Manchester’s Northern Quarter is usually described, in the media, as its bohemian enclave. But in recent years the area’s creative spirit has been diluted by the opening of scores of new bars, restaurants and chain hotels.
This corner of the city centre – once a ragbag of sex shops, curry cafes and cheap ‘n’ ratty pubs and music venues – still has its rough edges and its outlier spots (Soup Kitchen, Eastern Bloc, Aatma). However, such challenging cultural hubs are now vastly outnumbered by generic venues trading on the vapour trails of the Northern Quarter’s once “edgy” appeal. On Saturday nights, it is just another raucous open-plan booze zone – more Love Island than Modern Love (a neighbourhood techno label). The underground has migrated to Manchester’s border with Salford.
From its website (lots of promotional photography of beautiful young people partying), Cow Hollow looks like another stage in that empty gentrification. Thankfully, in reality, this new 16-bed conversion of an old Northern Quarter textile warehouse is more individual and less flashy than it first appears. It is certainly chic but also easygoing and no-nonsense, in an identifiably Mancunian way.
Three years in the making, owners Muj and Amelia Rana’s labour-of-love makes fantastic use of the building’s industrial heritage. My room, Afra, has huge mechanical winding gear in one corner. The weatherbeaten door to the handsome stone-clad bathroom (downer: the shower takes an age to heat up) is original to the building.
All exposed brick and metal staircases, Cow Hollow has been softened with diverting art, neo-Moorish tiling, interesting decorative objects and centrepieces (a fireplace here, a rustic log-burner there). Everywhere you look there are piles of (mainly) coffee table art and fashion books. In one, I found Alexa Chung filed alongside Tolstoy.
Occasionally, this self-conscious styling takes precedence over functionality. Towels left on a packing case in my bedroom look neat but are little use when you step dripping out of the shower and have forgotten to take them with you. Likewise, some may find Cow Hollow’s priorities (in Afra, two huge mirrors, one large cactus, no wardrobe), a bit odd.
Bedrooms come with luxurious touches: REN toiletries, fast broadband, high-quality but idiot-proof Bluetooth speakers, free Netflix. The intention is to provide an experience which, in its detail, removes common hotel grievances while fostering a sense of hospitality. Subject to availability, you can check in early or check out late at no extra cost. Guests are served free prosecco and nibbles each evening and complimentary milk and cookies before bed. There is no annoying key-card for the electricity, nor do you have to contort yourself to turn off the bedside lights.
Rather than cluttering the bedrooms with shoddy tea trays, there’s a basement communal area with a high-spec self-service coffee machine, primed with beans from Salford Roasters among others. It spurts forth some of the best push-button coffee I have tasted. Given that marker, the grab ’n’ go breakfast – a pastry, juice, fruit, granola and coffee delivered to your room – is a little disappointing. It is functional where it could fly (get nearby Pollen Bakery on croissant-duty!)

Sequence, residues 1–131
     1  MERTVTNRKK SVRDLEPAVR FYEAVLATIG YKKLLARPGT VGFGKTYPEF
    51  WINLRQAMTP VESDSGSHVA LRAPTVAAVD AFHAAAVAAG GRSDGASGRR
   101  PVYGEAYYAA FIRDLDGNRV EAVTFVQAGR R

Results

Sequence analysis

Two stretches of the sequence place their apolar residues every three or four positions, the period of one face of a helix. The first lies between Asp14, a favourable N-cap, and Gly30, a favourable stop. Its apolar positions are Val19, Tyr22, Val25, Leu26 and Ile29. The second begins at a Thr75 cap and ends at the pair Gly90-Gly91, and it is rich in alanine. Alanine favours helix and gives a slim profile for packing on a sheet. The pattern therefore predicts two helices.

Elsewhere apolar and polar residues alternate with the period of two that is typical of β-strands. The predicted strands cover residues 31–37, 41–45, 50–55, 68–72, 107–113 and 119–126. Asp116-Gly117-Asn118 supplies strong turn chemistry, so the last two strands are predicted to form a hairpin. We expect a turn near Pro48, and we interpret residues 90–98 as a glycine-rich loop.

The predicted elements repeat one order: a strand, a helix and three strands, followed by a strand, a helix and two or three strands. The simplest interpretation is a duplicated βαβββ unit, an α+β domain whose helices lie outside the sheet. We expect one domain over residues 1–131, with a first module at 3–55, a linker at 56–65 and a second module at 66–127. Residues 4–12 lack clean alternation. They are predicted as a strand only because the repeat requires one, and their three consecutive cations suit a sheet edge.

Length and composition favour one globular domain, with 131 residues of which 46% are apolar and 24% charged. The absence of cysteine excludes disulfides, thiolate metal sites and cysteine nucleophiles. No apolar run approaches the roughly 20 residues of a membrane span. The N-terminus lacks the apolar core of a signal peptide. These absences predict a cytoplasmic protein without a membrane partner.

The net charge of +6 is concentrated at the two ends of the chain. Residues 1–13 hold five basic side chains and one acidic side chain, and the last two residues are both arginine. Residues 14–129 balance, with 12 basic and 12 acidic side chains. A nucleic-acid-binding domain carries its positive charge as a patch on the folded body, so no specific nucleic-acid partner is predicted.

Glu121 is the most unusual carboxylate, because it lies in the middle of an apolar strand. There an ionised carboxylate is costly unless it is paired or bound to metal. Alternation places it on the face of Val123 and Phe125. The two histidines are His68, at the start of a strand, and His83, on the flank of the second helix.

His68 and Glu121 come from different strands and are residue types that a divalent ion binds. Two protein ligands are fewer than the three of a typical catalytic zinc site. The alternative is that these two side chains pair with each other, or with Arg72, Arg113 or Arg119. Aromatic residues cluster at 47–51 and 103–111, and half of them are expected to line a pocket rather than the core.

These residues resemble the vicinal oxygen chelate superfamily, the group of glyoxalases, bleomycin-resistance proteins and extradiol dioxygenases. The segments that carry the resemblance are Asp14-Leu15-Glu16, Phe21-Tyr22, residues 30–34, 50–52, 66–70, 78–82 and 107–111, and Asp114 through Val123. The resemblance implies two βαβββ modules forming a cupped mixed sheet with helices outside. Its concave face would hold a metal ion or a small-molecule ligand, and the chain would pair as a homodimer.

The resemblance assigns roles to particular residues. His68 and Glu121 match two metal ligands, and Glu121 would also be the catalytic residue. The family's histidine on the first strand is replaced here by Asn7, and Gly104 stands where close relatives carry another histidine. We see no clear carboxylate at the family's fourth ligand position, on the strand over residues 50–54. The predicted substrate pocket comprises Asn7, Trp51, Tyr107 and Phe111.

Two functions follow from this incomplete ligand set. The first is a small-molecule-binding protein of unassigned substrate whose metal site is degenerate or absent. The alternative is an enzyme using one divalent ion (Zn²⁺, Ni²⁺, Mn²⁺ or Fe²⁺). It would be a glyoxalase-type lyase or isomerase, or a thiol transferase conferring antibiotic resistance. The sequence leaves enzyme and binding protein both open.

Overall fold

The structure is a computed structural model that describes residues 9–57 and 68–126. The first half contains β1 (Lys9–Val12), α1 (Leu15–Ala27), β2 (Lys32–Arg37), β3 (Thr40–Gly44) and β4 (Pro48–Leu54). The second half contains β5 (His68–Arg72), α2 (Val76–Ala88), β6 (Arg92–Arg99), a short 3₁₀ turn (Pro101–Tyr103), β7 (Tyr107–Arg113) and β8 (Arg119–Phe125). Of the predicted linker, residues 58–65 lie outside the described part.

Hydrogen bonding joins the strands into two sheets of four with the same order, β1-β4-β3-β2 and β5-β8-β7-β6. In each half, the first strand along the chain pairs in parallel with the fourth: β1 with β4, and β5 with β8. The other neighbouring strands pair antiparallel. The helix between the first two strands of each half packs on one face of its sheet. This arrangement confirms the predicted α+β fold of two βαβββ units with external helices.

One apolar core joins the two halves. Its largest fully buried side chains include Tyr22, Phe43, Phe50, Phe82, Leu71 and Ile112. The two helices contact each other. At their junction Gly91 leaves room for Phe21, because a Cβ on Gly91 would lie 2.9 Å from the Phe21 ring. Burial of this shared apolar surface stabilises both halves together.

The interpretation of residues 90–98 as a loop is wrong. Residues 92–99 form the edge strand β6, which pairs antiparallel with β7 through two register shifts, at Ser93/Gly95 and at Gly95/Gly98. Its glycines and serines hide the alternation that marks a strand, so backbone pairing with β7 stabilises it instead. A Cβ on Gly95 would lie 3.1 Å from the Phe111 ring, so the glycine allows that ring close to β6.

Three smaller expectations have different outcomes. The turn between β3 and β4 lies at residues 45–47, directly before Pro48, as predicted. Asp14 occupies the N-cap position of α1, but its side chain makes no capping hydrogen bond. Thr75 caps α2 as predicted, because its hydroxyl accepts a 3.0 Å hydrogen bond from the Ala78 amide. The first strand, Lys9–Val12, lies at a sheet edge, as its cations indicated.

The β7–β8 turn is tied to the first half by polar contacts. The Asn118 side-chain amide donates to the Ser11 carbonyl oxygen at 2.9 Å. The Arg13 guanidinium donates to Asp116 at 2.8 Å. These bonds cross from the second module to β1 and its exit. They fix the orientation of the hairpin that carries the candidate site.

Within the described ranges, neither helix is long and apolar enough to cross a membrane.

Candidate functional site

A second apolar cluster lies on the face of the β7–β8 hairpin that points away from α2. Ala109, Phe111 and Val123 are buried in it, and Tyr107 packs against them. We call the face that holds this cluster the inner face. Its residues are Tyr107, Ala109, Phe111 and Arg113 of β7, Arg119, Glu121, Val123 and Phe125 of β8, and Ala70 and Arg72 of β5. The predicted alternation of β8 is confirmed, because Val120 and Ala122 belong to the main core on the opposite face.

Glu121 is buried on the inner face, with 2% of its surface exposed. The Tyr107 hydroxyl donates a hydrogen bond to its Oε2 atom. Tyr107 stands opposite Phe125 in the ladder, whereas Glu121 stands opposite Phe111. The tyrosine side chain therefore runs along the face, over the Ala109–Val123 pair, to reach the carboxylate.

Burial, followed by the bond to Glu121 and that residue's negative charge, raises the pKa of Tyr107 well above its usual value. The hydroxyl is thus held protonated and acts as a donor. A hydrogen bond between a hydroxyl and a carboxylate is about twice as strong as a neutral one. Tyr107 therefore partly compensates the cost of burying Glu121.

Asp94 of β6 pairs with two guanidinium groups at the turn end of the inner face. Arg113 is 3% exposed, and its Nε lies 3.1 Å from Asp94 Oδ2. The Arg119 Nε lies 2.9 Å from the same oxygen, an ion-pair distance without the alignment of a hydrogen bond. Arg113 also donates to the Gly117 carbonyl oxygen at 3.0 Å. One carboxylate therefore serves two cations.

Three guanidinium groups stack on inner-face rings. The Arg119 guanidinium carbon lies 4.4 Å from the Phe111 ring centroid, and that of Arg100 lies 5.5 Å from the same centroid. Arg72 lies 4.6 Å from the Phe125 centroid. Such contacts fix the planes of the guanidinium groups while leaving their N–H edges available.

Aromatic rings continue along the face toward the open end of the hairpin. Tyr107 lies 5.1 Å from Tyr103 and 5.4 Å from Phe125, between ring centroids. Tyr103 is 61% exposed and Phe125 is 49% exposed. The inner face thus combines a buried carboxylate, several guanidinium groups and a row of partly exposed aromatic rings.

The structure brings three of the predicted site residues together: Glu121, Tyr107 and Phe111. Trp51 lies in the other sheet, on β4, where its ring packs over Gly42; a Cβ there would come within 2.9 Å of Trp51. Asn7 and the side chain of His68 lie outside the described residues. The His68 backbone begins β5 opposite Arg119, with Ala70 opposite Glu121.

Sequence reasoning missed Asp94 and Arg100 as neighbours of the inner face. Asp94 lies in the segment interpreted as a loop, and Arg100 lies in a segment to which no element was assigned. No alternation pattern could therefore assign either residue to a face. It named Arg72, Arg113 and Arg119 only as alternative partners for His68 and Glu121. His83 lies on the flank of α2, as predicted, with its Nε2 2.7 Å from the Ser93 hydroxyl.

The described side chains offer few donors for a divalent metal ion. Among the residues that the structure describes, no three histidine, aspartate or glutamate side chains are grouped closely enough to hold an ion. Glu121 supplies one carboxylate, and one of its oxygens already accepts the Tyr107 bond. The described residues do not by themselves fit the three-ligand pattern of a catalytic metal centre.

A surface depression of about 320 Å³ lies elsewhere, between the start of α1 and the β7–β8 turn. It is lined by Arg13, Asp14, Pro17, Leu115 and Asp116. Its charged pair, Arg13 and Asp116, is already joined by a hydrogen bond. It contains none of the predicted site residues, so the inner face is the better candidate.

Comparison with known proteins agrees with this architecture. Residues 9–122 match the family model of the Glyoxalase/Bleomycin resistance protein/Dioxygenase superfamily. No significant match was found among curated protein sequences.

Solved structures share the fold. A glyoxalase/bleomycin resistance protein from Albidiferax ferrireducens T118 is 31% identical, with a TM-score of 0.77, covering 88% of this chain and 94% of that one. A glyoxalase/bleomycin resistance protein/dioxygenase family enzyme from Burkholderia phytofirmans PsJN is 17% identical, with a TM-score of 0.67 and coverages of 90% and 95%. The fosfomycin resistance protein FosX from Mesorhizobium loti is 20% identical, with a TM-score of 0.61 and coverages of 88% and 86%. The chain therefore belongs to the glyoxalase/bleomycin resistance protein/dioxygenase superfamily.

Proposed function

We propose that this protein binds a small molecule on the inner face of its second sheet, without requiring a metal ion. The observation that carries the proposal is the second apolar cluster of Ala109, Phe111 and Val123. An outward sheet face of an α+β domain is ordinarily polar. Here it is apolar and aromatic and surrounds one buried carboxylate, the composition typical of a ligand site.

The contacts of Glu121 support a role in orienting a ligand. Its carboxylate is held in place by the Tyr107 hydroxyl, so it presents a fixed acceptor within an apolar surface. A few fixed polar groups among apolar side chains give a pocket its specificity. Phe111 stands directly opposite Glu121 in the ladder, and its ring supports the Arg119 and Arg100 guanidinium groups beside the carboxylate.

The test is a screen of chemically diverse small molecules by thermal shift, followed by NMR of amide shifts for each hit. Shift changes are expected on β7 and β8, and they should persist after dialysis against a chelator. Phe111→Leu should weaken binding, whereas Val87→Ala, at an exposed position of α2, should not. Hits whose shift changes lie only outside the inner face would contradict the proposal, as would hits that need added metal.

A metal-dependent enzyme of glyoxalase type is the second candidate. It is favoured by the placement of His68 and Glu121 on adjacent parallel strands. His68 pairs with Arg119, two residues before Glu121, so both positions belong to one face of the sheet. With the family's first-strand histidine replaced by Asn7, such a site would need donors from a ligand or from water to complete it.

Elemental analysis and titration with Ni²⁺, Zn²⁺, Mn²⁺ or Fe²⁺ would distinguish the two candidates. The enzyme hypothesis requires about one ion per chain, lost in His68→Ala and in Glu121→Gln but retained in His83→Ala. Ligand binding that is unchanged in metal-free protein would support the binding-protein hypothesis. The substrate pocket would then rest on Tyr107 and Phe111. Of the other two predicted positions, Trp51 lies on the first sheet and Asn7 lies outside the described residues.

Cow Hollow does not have a restaurant (try Go Falafel, Rudy’s Pizza, Bundobust or Mackie Mayor, locally) but there are cocktails and decent glasses of wine in its tiny, glamorous bar. With its broad white steps that almost open out on to the street, its marble bar, greenery, loose-cushioned seating and serene house-y soundtrack, it feels more Ibiza Town than Ancoats – a laid-back place to a take a breather before the night ahead.
Craving something a little grittier, I strike out for the Common bar for good beer, before pitching up at the (newish) Peer Hat. A scrappy bar, DIY record shop and art/music space, it looks like it was knocked together for 30 quid and attracts a refreshingly diverse all-ages crowd. It has a good community feel and proves there is unpredictable life in the Northern Quarter yet.
Cow Hollow is far swankier than that, but in its own way this boutique hotel is doing something that feels fresh and honest, true to the Northern Quarter’s historic zest for originality. In the wider context of Manchester city centre, which lacks interesting, independent stays, it is a find.
• Accommodation was provided by Cow Hollow Hotel (doubles from £99 B&B), 57 Newton Street, Manchester, 0161 228 7277, cowhollow.co.uk
Ask a local
Jason Bailey, co-founder, Grub food events, Manchester
Blackjack Brewery’s Smithfield Market Tavern is the pub for me. Alongside some of the best UK craft beer from Wild Beer or Kernel, it also stocks smashing local beers from Manchester breweries such as Runaway and Track Brew Co. It’s an old-school pub with modern beer; a vibrant, well-thought-out establishment.
You’ll find Manchester’s most well-hidden restaurant, the Ethiopian Habesha, a few yards from the [Gay Village’s] famous Canal Street, up an unmarked spiral staircase inside the Istanbul Express takeaway. It’s the definition of great cheap eats: generous portions, tasty stews served with traditional sour injera flatbreads, all at very reasonable prices.
Almost within spitting distance of Manchester Piccadilly railway station, Idle Hands is an exceptional coffee shop, which is now cooking a great brunch and lunch menu from its new kitchen.
The Grub Food Fair runs weekly (Fri/Sat) at Mayfield until September
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